Swirling, shapeless, giant molecular clouds float around like strange spooks haunting the secretive shadows of the space between stars. Wandering silently though our large spiral Milky Way Galaxy, these dark, ghostly clouds, composed of dust and gas, serve as the weird, frigid cradles for sparkling baby stars that light up the surrounding darkness with their wonderful fires. In July 2014, astronomers at the European Southern Observatory (ESO) in Chile released a fabulous image of baby stars huddling together against a background of glowing clouds of gas and dusty lanes. Such images of objects that dance around in space are very important, because they help astronomers in their efforts to learn about the hidden secrets of our mysterious Cosmos!
The nest of huddling newborn stellar sparklers resides in a star cluster dubbed NGC 3293 . The star-blazing cluster itself would have been a murky, billowing cloud of gas and dust itself approximately ten million years ago, but as the baby stars started to form within it, it morphed into a brilliant group of stars! Clusters like NGC 3293 are laboratories in the sky that help astronomers to learn more and more about how baby stars are born, grow, and evolve!
Within the swirling depths of billowing molecular clouds, baby stars are born, setting the relentless, ambient darkness on fire with their light – as they burst into existence within these floating stellar nurseries that inhabit our Milky Way in great abundance. These giant, dark clouds are composed primarily of hydrogen gas, but they also harbor small quantities of cosmic dust.
All stars are born within these eerie, ghostly clouds, when an especially dense and embedded blob of material collapses under the staggering, heavy weight of its own crushing gravity – thus giving birth to searing-hot, glittering neonatal stars, or protostars. Within the billows of these huge clouds of dust and gas, delicate strands of star-making material braid themselves together, and then merge, continuing to grow in size for literally hundreds of thousands of years. The crush of gravity at last becomes so intense that the hydrogen atoms – that are jitter-bugging around within these weak blobs – suddenly fuse. This lights the protostar's new stellar fires, that will boil and churn and flash with glaring brilliance for as long as the star "lives"!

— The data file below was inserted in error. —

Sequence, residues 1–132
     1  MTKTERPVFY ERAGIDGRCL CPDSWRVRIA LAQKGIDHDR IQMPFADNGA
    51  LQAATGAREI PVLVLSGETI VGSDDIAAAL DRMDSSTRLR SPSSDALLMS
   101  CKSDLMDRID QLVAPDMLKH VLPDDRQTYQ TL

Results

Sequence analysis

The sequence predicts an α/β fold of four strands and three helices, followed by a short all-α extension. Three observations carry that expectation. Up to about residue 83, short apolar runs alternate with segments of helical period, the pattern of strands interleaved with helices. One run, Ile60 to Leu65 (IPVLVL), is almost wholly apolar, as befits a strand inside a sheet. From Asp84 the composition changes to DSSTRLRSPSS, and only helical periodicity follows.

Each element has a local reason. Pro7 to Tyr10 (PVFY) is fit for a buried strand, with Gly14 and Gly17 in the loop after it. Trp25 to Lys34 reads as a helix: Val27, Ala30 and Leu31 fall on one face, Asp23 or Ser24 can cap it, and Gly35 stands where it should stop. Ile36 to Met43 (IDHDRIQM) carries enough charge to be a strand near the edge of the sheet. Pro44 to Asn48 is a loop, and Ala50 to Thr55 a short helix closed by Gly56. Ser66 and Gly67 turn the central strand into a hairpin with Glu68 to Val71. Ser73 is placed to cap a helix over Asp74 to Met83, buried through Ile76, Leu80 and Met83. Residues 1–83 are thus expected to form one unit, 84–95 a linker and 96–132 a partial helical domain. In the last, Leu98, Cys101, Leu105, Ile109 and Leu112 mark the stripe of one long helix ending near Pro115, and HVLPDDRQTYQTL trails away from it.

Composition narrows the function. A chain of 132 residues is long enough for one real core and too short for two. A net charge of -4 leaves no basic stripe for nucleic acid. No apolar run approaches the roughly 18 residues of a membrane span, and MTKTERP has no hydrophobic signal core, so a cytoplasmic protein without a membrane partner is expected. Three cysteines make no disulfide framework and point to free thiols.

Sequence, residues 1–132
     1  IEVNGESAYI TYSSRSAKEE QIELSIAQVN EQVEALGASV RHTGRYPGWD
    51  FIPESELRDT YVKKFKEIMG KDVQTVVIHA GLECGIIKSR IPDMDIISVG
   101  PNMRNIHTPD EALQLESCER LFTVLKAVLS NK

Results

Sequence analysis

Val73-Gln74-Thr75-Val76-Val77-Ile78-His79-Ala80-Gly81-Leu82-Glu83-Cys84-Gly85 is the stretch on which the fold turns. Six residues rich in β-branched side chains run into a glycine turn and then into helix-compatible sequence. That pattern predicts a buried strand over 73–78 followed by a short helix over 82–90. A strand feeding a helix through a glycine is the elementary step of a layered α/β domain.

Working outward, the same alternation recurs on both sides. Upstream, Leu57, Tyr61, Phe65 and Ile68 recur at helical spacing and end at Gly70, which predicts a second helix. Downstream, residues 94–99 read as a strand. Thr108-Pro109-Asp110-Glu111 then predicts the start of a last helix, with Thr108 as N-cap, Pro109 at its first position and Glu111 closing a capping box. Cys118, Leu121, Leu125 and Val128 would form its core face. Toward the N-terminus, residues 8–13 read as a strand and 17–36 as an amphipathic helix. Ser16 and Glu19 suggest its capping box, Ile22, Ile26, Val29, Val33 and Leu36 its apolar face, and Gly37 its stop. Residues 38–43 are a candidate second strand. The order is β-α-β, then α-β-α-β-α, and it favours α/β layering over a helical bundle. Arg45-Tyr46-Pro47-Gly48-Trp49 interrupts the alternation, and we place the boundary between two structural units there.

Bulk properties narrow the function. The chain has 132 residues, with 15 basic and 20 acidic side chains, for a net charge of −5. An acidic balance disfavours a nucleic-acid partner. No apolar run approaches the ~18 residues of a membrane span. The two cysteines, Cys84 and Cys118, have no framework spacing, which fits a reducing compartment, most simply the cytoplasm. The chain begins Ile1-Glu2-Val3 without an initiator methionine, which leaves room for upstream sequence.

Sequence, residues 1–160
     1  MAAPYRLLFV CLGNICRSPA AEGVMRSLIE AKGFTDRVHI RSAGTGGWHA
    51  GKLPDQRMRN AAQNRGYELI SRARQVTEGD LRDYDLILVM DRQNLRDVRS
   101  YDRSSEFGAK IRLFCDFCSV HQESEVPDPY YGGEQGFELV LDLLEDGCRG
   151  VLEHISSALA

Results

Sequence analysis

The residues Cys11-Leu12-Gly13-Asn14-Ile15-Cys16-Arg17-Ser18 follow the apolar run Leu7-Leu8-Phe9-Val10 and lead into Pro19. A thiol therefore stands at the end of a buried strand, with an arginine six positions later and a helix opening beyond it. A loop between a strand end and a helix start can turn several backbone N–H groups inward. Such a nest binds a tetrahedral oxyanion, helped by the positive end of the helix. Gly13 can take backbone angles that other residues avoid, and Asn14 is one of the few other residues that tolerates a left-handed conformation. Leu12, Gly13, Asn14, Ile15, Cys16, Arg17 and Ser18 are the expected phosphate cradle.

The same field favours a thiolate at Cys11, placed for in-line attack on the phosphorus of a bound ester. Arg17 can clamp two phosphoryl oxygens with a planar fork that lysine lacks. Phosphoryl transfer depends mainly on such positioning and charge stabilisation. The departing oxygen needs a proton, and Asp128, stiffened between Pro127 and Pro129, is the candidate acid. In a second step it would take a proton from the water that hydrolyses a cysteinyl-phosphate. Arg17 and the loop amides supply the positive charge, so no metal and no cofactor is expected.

The process of nuclear fusion ignites the new star. Brilliant, hot protostars struggle for their existence by balancing two warring forces in order to reach sparkling stellar maturity. Indeed, all main-sequence (hydrogen-burning) stars, regardless of their age, must spend their "lives" maintaining a delicious balance between the two antagonistic forces of radiation pressure and gravity. While the merciless hug of gravity pulls in the ambient gas, radiation pressure keeps the star blissfully bouncy by pushing everything out and away from the star. This vital balance between these two antagonistic forces keeps the star "alive," and on the main-sequence. Unfortunately, stars grow old, and when an elderly star at long last has burned up its own necessary supply of "life" -sustaining hydrogen fuel, its core experiences collapse – which is the end of the road for the aged star. Small stars, like our Sun, die with great beauty and relative peace, gently casting off their varicolored outer layers of gas into the space between stars. The relic core of a small star like our own Sun evolves into a small stellar corpse called a white dwarf. However, more massive stars meet their fate with a terrible beauty and magnificent rage. Massive stars, when it's their time to go into that "good night", blow themselves up in the fury of a Type II (core-collapse) supernova blast that can – at least for a short time – outshine their own host galaxy .
Enormous, dark, and frigid molecular clouds are precursors to what are termed HII regions , which make dazzling spectacles of themselves as they cast their glowing light into intersellar space. The huge, dusty, gaseous molecular clouds can exist in a stable condition for extremely long time spans, but collisions between clouds, magnetic interactions, and supernova blasts can trigger collapse – and when this happens, because of this collapse and fragmentation, baby stars may be born. An HII region appeared irregular and clumpy, and could potentially give birth to literally thousands of fiery baby stars over the course of several million years – and some of these new and brilliant stars can cause it to glow, as well as sculpt its shape. HII regions come in a variety of different shapes, because the gas and stars within them are distributed irregularly.